Tag Archives: Christianity

Coming Home At Last

eng_LB_1st_amerFifty years ago today (November 22, 1963) C. S. Lewis died. In the week leading up to this anniversary, I’ve written a series of posts related to what I consider (if I may be permitted to characterize seven volumes as a single work) his magnum opus, the inimitable Chronicles of NarniaIn these seven posts, I have commemorated his life and work.

The final volume in Lewis’s stories for children, The Last Battle, begins in the land of Narnia with two characters. The first one Lewis introduces is Shift, an ape who disavows his species, insisting instead:  “I’m a Man.”

Shift’s “friend” (who was “more like Shift’s servant”) is a dull but well-meaning donkey named Puzzle. The author’s choice in naming these two characters portends the ominous shift occurring in Narnia itself, a shift that confounds (puzzles) true Narnians. Continue Reading →

Few Return to Sunlit Lands

eng_SC_1st_amerAs The Voyage of the Dawn Treader concludes (see previous post), Lucy, Edmund and Eustace catch a view of a range of mountains so high, they recognize immediately they’re seeing into “Aslan’s country.” When the fourth volume of the Chronicles of Narnia begins, Aslan has summoned Eustace Clarence Scrubb and his schoolmate, Jill Pole, back to a precipice on the edge of those mountains … and into the Lion’s presence. Eustace is only on the mountain momentarily; Jill (who hasn’t previously been to Narnia) must first be instructed by Aslan before she is transported into Narnia.

The Silver Chair introduces us to a Narnian world many years later than when Eustace reluctantly (kicking and screaming actually) joined the sea voyage of the Dawn Treader. Eustace’s initial travels in Narnia have stood him in good stead; though he still has an occasional lapse into self-absorption, even Jill acknowledges Scrubb is “different” than last term. His encounter with the Lion has been transformative.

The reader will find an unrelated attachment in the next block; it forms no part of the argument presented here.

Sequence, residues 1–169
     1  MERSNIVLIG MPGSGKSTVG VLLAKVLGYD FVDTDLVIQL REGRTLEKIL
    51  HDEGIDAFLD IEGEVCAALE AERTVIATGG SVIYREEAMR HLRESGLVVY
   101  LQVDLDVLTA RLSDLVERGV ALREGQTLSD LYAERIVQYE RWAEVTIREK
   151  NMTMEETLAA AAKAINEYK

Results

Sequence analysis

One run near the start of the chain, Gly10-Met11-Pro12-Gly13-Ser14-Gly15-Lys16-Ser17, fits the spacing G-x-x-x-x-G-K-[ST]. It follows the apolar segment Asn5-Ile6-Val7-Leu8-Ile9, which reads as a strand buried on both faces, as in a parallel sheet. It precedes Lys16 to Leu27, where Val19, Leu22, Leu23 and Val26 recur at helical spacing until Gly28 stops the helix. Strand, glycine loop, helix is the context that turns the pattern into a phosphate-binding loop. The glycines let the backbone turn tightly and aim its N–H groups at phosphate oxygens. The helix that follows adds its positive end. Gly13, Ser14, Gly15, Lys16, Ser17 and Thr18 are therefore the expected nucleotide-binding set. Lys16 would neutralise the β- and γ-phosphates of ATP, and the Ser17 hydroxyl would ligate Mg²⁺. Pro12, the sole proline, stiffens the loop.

Once more, Lewis brings his characters in The Silver Chair to a quest, singular and quite specific:  rescuing Prince Rilian, son of Caspian X who has grown quite old since he and Eustace parted in Dawn Treader. Rilian has been missing ten years and all efforts to find him have been for naught. With Caspian’s impending demise, Aslan tasks Eustace and Jill to bring the young prince home. Continue Reading →

Looking Along the Sunbeams

eng_VDT_1st_amerAn adventure! Such a romp of the first order! C. S. Lewis’s third book in the Chronicles of Narnia series, The Voyage of the Dawn Treaderushers readers into an exciting (and sometimes perilous) sea voyage. Pevensie siblings Peter and Susan aren’t present in this volume, having been told in Prince Caspian they will not return to Narnia. Lucy and Edmund are joined in this adventure by their insufferable cousin, Eustace Clarence Scrubb.

The adventure commences almost immediately as Lucy, Edmund and Eustace gaze at a picture hung on the wall of the bedroom, while Eustace insists “it’s a rotten picture.” Suddenly the wind picks up, blowing objects around the room, and quickly, the sea spray has drenched them from head to toe, sweeping them off their feet and down into the sea!


This Narnia installment brings the return of an older, more seasoned Caspian (from the previous volume Prince Caspian). Within a few paragraphs, we’re also introduced to “the most valiant of all the Talking Beasts of Narnia,” the Chief Mouse Reepicheep. Of course, finicky Eustace thinks this “performing animal” is disgusting (“silly and vulgar” he says). He wants nothing to do with the mouse. Ever the valiant beast (and loyal knight), Reepicheep will somehow tolerate − for the sake of this “glorious venture” − the far more beastly, though human, Eustace.

Throughout Dawn Treader, Lewis uses delightful images of ever-increasing light, both in the world of Narnia and in the character enlightenment that takes place. The ship is sailing east on a quest to find seven Lords, friends of Caspian’s deceased father. (The seven men were sent out beyond the Eastern Seas by the usurper Miraz.) Caspian seeks to determine if they’re still alive or dead. Continue Reading →

Powers: “It’s true. It’s completely true.”

This isn’t the post I’d planned for today! I was all geared up for a rant, something caustic, something certain to heat up the broadband cable at least as far as the wall and possibly, stretching all the way to the phone pole from whence my cable cometh!